If I Had Only Known

So it happened. You passed the test. The years of school, hours of supervision, and even more hours of studying have led you to the part where you receive the piece of paper that says, “Congratulations!”. I think all of us who have taken “the exam” and passed can remember the very moment we officially became a BCBA or BCaBA, but can we recognize the exact moment we were asked to put those letters into practice? 

I remember the week after I passed my exam. I was with a behavior technician, and they asked me a question about the client they were working with, and I was observing. Until then, I could give feedback with the thought that I could always check with the BCBA to ensure I was providing the correct protocol or adjustments to programming, but no more. While I could always look to other BCBAs in the company or my supervisor, I was a BCBA. I should know everything, right? Well, as most of you in the field know, we will never have all the answers. Still, we can try our best with the information we have to make evidence-based, client-centered decisions. 

So, I asked a few BCBAs what they wished they had known when they first became a BCBA. Their advice was helpful, and I wanted to share some of it. 

  1. You May Always Feel a Little “New.”
    Most BCBAs I talked with often felt like they had just passed the test, even though it had been years. That seems to be the blessing and curse of a job with many unexpected opportunities. You can never truly plan for how your day will unfold and train for circumstances you never imagined. And while the BCBAs may have felt new, they never felt alone, which leads to our next piece of advice. Do you still feel a little “new”?
  2. Find a Mentor.
    During your supervision, you had an excellent opportunity to have a sounding board in your supervisor, someone you could come to for advice or questions, and hopefully, that relationship continues after your supervision hours are over. But if it doesn’t, start to build your circle. Look for those who specialize in areas you are still learning about. Find strong mentors who will help you develop your skill level and support you during challenging times. Do you have a mentor that you can look to for advice?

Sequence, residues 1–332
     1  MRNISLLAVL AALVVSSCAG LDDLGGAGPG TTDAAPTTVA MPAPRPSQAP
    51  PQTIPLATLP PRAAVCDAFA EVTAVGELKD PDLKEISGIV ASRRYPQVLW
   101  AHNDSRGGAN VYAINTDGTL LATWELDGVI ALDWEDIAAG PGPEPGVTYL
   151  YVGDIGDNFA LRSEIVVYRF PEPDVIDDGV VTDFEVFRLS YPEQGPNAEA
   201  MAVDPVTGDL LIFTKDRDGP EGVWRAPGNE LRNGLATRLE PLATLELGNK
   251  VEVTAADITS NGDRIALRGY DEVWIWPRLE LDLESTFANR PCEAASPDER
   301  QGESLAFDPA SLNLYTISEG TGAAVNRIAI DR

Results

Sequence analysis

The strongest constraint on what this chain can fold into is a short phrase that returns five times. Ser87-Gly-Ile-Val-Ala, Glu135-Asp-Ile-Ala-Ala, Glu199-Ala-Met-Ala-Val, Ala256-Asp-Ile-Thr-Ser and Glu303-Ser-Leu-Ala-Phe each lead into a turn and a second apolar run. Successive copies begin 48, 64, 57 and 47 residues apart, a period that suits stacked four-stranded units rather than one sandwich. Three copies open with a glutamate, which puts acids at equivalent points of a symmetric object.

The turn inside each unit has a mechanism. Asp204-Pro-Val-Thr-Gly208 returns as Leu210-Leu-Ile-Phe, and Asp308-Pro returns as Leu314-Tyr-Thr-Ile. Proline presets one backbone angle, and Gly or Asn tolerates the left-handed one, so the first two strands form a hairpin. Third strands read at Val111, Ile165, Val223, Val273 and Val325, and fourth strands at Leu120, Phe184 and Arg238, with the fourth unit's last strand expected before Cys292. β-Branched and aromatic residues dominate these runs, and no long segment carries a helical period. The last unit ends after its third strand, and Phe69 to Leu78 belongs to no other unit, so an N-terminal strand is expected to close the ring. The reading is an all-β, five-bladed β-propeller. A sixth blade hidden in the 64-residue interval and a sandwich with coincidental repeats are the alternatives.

3. Advocate for Yourself.
    It can be hard to advocate for yourself when starting a new position, but it is important. As a new BCBA,, it is our duty to the Board and ourselves to speak up. So when should we be an advocate? We must speak up if we are asked to do something outside our scope of competence. If we feel we are given too many billable hours to complete ethically, we should speak up. We should speak up if we need to take time after a particularly hard client and regroup. Can you advocate for yourself in your current position? 
  4. Take Advantage of Learning Opportunities.
    Covid gave us some great things. One of them is the ability to attend so many more events online. Not only are we required to have CEs, but it also helps us feel less “new.” Online events make training and conferences more accessible and cost-effective for new BCBAs. Take advantage of free CE events, travel to conferences, and learn as much as possible from others who have been in the field longer. Have you gotten to attend a conference yet? If so, what was your favorite part?
  5. Be Open to Collaboration.
    Our clients often come to us with very complex cases. They may be receiving individual and family services from several different providers. While we must maintain an evidenced-based ABA program, we still collaborate with other professionals. This can include schools, OT, Speech, medical doctors, parents, or case managers. No matter the title, all individuals, including ourselves, work toward the same goal: we want our clients to have better lives. We need to be open to collaborating with others and work in our client’s best interests. This can be difficult, but in the end, we must remember the goal of providing client-centered services, which means collaborating with all service providers as much as possible. What are some of the ways you have collaborated with others outside of ABA? 

While these are just a few things to remember as a new BCBA, I hope it has given you a good start on things to remember as you begin your career. It is an exciting time, but it can seem daunting. Just know others have felt the same way and are here to help you grow in your practice. 

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